Sam Bankman-Fried, ex-crypto star accused White collar criminalLast month he published a lengthy essay for the first time since his arrest Blog This appears to provide his defense against charges of fraud.
“I didn’t steal funds, and I certainly didn’t hoard billions,” he writes A newly launched substock.
Bankman-Fried has been placed under house arrest while awaiting trial at her parents’ home in Palo Alto, California. He has pleaded not guilty to several federal counts of fraud and conspiracy related to the collapse of his crypto empire.
In what he calls a “pre-mortem overview” of FTX’s collapse, Bankman-Fried reiterates claims he made in November after the crypto exchange filed for bankruptcy and before his arrest.
Key themes include:
- He places heavy blame on AlamedaA crypto hedge fund he founded in 2017. “Alameda failed to adequately hedge against the risk of a serious market downturn: only a few billion dollars in assets were hedged,” he says.
- He was not in charge at Alamelu. Bankman-Fried, who reiterates that she has not been in charge of Alameda for “the last few years,” appointed her onetime girlfriend, Carolyn Ellison, as sole CEO in 2022.
- Alameda and FTX’s problems are not unique, writes Bankman-Fried. He often contextualizes the companies’ collapse as part of an industry-wide collapse that engulfed several firms, including Three Arrows Capital, Voyager and Celsius — all of which went bankrupt in the so-called crypto winter. Digital assets like a bear market.
- Alameda’s infection then spread to FTX “Because Alameda had a margin position open in FTX; and a run on the bank turned that cash crunch into bankruptcy.
- He says FTX was pressured into filing for Chapter 11 by the law firm Sullivan & Cromwell. “Had FTX been given a few weeks to raise the required liquidity, I believe it would have been able to substantially complete the client,” he writes. “I did not then realize that Sullivan & Cromwell could thwart those efforts.” Representatives for Sullivan & Cromwell did not immediately respond to a request for comment.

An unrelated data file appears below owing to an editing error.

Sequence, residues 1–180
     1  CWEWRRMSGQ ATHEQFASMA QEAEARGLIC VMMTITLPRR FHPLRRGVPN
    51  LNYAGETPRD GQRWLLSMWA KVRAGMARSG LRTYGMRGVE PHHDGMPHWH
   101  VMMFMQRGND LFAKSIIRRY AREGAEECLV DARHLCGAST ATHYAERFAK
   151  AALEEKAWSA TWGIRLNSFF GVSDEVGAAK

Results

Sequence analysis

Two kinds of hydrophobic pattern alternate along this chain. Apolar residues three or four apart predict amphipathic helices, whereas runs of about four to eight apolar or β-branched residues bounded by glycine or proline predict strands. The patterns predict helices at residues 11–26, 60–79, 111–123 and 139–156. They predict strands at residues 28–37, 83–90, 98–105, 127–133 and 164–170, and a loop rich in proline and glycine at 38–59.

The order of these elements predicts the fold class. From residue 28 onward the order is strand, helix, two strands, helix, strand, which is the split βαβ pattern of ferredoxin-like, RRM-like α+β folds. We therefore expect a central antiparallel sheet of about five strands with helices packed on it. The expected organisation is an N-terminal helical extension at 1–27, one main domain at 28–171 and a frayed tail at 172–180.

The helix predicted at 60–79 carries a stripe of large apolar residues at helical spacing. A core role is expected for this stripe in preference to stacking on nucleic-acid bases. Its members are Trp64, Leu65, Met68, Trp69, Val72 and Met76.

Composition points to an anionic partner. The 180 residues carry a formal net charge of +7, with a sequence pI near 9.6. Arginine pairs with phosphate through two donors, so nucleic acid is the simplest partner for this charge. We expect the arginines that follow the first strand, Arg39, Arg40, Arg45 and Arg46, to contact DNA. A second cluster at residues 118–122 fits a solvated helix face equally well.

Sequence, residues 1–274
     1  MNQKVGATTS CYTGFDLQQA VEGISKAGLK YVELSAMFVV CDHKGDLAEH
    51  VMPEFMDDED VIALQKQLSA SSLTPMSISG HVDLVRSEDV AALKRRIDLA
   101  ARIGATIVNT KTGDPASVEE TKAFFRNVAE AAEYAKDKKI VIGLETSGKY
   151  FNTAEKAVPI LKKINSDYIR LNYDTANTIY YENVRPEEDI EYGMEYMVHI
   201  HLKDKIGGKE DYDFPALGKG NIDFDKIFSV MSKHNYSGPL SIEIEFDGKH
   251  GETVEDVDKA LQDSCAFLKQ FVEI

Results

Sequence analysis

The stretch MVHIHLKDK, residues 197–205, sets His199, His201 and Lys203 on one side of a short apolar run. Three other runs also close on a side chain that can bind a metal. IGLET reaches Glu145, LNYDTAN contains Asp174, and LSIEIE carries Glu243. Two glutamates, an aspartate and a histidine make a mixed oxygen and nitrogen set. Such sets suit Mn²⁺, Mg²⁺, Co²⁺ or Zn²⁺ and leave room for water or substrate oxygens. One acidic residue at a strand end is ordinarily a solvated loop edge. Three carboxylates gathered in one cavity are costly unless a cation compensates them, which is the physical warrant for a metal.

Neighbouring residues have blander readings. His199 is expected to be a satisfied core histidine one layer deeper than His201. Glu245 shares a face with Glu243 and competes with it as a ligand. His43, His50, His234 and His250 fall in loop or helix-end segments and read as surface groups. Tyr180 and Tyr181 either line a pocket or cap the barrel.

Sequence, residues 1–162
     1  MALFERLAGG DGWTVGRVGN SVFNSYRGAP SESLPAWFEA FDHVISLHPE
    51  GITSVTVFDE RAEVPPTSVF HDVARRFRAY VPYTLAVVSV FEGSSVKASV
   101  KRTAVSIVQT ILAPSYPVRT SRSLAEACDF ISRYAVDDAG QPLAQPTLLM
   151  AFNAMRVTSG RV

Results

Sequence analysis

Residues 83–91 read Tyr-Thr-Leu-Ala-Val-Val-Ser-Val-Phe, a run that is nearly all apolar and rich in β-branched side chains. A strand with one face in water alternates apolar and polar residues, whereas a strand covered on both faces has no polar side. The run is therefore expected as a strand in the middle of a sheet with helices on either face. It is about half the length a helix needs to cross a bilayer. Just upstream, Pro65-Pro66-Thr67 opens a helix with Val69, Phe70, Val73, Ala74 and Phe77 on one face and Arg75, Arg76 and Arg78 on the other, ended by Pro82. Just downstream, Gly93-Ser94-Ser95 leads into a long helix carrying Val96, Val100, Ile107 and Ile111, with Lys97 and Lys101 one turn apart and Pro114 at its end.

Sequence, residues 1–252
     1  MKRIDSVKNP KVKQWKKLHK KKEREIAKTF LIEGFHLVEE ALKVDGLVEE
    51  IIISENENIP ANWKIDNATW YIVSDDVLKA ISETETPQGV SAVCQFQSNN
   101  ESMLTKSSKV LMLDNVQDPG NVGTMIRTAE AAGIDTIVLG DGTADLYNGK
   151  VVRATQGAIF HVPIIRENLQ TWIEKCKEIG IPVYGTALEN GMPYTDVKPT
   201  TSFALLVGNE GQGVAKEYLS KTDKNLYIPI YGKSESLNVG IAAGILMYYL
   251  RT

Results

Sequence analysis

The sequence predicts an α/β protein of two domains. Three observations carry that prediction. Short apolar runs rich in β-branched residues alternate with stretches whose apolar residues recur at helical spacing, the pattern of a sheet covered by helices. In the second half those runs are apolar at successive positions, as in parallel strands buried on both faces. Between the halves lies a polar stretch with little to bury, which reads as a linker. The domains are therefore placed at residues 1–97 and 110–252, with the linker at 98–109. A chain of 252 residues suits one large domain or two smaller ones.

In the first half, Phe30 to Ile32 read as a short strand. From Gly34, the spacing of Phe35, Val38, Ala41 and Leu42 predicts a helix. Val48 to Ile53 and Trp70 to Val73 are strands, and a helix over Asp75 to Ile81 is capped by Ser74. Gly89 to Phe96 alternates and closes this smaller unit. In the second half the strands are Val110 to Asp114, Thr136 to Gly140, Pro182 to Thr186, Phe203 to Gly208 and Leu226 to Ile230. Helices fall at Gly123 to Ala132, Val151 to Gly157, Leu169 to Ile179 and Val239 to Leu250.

Some of Bankman-Fried’s claims directly contradict U.S. Attorneys’ allegations that FTX customer funds were used to plug holes in Alameda in violation of FTX’s terms of service.
Key witnesses for the trial included Alameda’s former CEO and co-founder of FTX; They have confessed to the crime And the banker was caught on fire for misappropriating client funds.
Separately on Thursday, seven news organizations asked the judge in Bankman-Fried’s criminal case to release the names of two people who co-signed a $250 million bond.
“Public interest in this matter cannot be overstated,” lawyers representing the news organizations wrote in a letter to the court.
Four people, including Bankman-Fried’s parents, co-signed the bond, which does not require her to pay if she fails to appear in court or violates other terms set by a judge.
Bankman-Fried’s attorney sought to seal the identities of the two non-parents, arguing their safety could be at risk.
News outlets including the Wall Street Journal, Washington Post and Associated Press said the argument was “purely speculative”, and Bankman-Fried failed to provide any compelling reason for keeping the names anonymous.
“Public…Following this alleged massive fraud and political corruption Mr. It is interesting to know who provided the financial support to Bankman-Fried, especially the financial leaders, investors, prominent Mr. Silicon Valley billionaires and elected representatives,” the letter said.
On Wednesday, the New York Times filed its own letter asking the judge to redact the names from the documents. Inner City Press filed a separate letter.
The judge has given Bankman Fried until January 19 to respond to the petitions.
— CNN Cara Scannell contributed reporting.